I have done little or no food photography myself, so I can't speak from experience - but my initial reaction would be to ask what the 24-70mm can't do. At 70mm, it will fill the frame with a subject less than 6 inches across, and I would imagine most food subjects are bigger than that.
Sun 17-Feb-13 08:14 AM | edited Sun 17-Feb-13 08:16 AM by briantilley
I don't know of a 24-70mm true Macro lens of any brand, if by "macro" we mean a lens that provides a maximum reproduction ratio of 1:1. Some lenses have "macro" in their title are just normal lenses which have a close-focus setting, such as the AF 24-85mm f/2.8-4D Nikkor. Nikon distinguishes its true macro lenses with the term "Micro"; they mostly go to 1:1 or close to it - the 24-85mm D goes to about 1:2.
But - as mentioned above - I'm not sure that a true macro lens is necessary for food shots, though to be fair they are usually better corrected for close-up work that normal lenses. If you did go for a macro lens, then as John-Erik says you could maybe consider one of the PC-E Nikkors. These have a tilt and shift facility that allows you to alter the shape and angle of the plane of sharpness, and makes it easier to get all of a plate of food into focus - if that's what you want. They go to 1:2, but that should be plenty
>I saw a couple of Food Photograpers on videos using 24-70 >Macros in Cannon I believe....be there is no telephoto Macor >in the Nikkor line...thus my question.....
I think you mean a zoom macro, not a telephoto macro, so here goes:
Canon doesn't have a macro zoom at all, and for that matter neither does Pentax or Sony, but Nikon did, the 70-180, which was discontinued almost a decade ago. A quick search turns up zero current zoom macro/micro lenses at either B&H or Adorama for any DSLR.
If the reproduction ratios of the 24-70 are good enough for you, then that should be fine.
If you do mean telephoto macro, both the 200 and 105 mm Micro lenses both very capable.
Although any of the Micro Nikkors will work well, you simply pick the focal length you want, I would also think about the 85 mm PC-E Micro if I were you, as well. Since you're in a studio lighting is less of an issue, but by tilting the lens you can bring much more into (or out of) focus.
If you were using 50mm (as a reference) how close do you think you would have to get?
I would think that zoom level would be the most important parameter for you. And I would think that something relatively wide would be ideal. That way you can bring forward what you consider most important/interesting and have the rest in the background. The limitation would be if you have to deal with hot substances that produce steam. Then you may want to stay some distance away.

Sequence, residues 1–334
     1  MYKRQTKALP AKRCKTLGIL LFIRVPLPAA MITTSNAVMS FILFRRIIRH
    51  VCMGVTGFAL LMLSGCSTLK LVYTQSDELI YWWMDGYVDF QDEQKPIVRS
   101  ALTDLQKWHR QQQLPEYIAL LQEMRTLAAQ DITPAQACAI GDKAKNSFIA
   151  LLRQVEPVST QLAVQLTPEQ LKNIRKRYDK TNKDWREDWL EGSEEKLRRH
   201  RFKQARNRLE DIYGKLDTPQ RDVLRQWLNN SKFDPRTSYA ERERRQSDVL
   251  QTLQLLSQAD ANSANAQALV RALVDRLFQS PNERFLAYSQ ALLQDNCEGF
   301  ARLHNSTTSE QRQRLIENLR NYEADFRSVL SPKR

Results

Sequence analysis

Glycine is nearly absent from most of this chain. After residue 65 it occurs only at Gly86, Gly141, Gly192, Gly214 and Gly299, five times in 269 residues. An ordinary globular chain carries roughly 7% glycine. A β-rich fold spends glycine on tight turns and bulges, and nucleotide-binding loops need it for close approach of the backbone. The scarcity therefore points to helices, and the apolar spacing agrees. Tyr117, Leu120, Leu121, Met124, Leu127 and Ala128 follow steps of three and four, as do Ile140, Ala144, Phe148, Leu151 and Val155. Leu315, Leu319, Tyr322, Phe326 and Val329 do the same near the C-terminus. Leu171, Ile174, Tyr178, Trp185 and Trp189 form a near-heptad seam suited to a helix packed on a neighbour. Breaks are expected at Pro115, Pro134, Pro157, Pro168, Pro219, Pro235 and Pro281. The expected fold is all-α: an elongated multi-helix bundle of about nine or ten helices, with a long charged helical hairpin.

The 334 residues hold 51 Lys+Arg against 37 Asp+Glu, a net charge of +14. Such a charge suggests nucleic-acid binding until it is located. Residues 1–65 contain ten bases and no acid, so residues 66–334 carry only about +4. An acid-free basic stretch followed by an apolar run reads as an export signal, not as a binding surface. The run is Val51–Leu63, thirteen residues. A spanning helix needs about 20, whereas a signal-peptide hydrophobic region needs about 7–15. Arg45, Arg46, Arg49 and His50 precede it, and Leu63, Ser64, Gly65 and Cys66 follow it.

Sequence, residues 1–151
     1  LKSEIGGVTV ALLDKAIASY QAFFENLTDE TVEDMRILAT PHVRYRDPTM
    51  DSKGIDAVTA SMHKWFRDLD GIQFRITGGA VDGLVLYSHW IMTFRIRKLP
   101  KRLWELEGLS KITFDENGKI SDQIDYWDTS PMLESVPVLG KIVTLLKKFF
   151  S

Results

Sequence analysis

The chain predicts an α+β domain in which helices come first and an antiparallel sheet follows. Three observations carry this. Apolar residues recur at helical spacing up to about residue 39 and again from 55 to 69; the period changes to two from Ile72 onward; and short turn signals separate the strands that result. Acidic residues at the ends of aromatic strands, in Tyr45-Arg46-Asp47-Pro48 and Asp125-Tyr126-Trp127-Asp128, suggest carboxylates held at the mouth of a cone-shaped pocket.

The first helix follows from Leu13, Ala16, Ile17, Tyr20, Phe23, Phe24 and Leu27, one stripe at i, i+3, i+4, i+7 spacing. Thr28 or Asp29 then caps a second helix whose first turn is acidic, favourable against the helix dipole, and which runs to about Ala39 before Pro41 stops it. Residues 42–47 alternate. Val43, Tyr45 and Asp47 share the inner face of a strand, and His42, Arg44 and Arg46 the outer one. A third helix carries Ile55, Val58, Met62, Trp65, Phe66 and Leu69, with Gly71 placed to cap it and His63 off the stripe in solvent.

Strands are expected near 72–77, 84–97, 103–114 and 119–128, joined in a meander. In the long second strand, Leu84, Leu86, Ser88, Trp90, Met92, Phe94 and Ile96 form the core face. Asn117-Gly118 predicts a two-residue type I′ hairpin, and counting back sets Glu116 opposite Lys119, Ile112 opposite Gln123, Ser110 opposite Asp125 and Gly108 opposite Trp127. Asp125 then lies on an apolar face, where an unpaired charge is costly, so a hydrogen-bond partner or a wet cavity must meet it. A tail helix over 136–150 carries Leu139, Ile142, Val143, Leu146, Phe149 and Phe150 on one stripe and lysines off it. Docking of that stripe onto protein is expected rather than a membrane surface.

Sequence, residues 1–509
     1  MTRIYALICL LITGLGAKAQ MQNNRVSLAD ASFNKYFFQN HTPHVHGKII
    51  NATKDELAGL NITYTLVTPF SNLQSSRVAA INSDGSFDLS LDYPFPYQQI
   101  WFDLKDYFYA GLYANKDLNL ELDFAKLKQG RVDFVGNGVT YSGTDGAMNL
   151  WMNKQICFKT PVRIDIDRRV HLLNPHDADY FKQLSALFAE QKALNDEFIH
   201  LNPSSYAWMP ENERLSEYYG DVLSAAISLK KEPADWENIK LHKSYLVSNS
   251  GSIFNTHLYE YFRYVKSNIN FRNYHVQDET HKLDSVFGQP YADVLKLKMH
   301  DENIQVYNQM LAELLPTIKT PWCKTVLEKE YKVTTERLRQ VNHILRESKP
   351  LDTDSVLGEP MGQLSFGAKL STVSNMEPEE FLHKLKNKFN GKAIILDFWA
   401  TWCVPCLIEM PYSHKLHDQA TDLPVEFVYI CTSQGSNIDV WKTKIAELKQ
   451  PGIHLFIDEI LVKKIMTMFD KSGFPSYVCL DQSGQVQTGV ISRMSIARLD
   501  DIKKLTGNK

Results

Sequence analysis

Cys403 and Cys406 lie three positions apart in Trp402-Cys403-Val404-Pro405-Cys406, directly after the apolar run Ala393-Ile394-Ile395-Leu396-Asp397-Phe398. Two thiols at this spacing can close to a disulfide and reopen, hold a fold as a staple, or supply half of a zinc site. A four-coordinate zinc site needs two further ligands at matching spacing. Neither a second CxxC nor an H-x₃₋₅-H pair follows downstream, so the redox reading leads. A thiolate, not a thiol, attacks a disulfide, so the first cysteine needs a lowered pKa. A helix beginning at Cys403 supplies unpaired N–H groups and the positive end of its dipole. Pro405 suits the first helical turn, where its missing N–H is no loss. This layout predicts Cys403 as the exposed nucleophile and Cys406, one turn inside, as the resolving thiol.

- Tamron 90mm f2.8 is a great macro lens, but it may be too much zoom for what you want. - Older Nikon 35-70 f/2.8 has manual "macro" mode at 35mm only. It is not a true macro. On the other hand you hay not need true macro, unless you plan to fill the whole frame with one strawberry.
I would consider one of these true macro lenses: - Nikon 60mm f/2.8G ED AF-S Micro - Nikon 40mm f/2.8G DX AF-S Micro Nikkor
If I was doing food photography and wanted macro for that purpose only, I would probably go with 40mm f/2.8G DX AF-S one.
Please, let us know what you decided and post some tasty samples
I found my 105VR macro on a DX body to be nice for food items at a camera club evening. However if you want to shoot an entire plateful or larger scenes then you have to stand back a bit so I think a focal length shorter than 105mm would be more useful on DX. Maybe the 85mm f3.5 or even the 60mm?
On an FX body the 105mm is more suited but now your relative depth of field is less. Try borrowing a few lenses before you buy.....or take an item the same size as your typical subjects when you go to the camera shop
What exactly are you trying to get out of your food photography? I mean are you trying to capture the pattern in a slice of kiwi? or are you trying set a scene around a plate or item of food?
For the kiwi shot then yes a macro lens would work best. For the plate a short zoom would be the best option.
I can only think of one or two shots where I used a macro lens for food photography. When using my D300 I generally got my best shots with my 18-70mm. I haven't had an opportunity to shoot any food shots with my D800 but I think I would stay in the equivalent range lens wise so probably my 28-105mm.
If I was going to use a macro today, I would probably stick with the sigma 150mm that I recently purchased, because it lets me get 1:1 while at the same time allowing me some distance from my subject giving me room for lighting and creative angles.